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Mechanical thrombectomy makes a comeback in treating acute ischemic stroke - The Stroke Blog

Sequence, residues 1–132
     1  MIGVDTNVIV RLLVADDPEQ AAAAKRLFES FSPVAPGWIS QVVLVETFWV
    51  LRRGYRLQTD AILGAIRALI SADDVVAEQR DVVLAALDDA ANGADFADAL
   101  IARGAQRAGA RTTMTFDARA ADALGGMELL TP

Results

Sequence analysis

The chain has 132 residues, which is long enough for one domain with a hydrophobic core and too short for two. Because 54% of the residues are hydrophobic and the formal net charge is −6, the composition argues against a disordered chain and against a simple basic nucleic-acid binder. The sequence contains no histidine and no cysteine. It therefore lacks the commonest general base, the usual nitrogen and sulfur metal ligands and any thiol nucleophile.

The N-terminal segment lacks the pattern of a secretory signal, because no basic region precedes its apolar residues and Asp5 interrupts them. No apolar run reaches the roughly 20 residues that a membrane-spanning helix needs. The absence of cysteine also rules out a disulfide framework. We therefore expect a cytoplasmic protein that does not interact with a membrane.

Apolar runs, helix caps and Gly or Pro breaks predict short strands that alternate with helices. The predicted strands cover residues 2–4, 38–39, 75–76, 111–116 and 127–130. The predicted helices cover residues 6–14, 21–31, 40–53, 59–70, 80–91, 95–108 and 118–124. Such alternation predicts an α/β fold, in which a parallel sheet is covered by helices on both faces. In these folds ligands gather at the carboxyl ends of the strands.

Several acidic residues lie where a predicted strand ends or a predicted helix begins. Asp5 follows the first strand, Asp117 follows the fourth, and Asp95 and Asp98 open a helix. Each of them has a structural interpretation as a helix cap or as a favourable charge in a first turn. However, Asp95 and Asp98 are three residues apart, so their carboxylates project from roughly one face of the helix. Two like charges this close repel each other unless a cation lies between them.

Intravenous (IV) t-PA, a “clot-busting” drug approved by the FDA for the treatment of acute ischemic stroke within three hours of the start of symptoms, has been recognized as the standard of care since the pivotal NINDS clinical trial that demonstrated reduced level of disability 90 days after ischemic stroke in eligible patients who received it. However, the subject of acute treatment with the use of thrombectomy has remained controversial until recently. Thanks to recent clinical trial results, the American Heart Association/American Stroke Association guidelines have now been updated recommending the use of this procedure in eligible patients meeting appropriate criteria. Depending on the geographical region and practices, approximately one to 25% of acute ischemic stroke patients will receive IV t-PA, with the national average being around six to ten percent. Questions that have continued to plague physicians delivering care to this patient population include: What, if anything, can be offered to patients who are not eligible for IV t-PA, but who still present to the hospital within hours of stroke onset? What should be done for patients who have received IV t-PA, but who are failing to improve clinically, and there is a known blood clot that remains in a …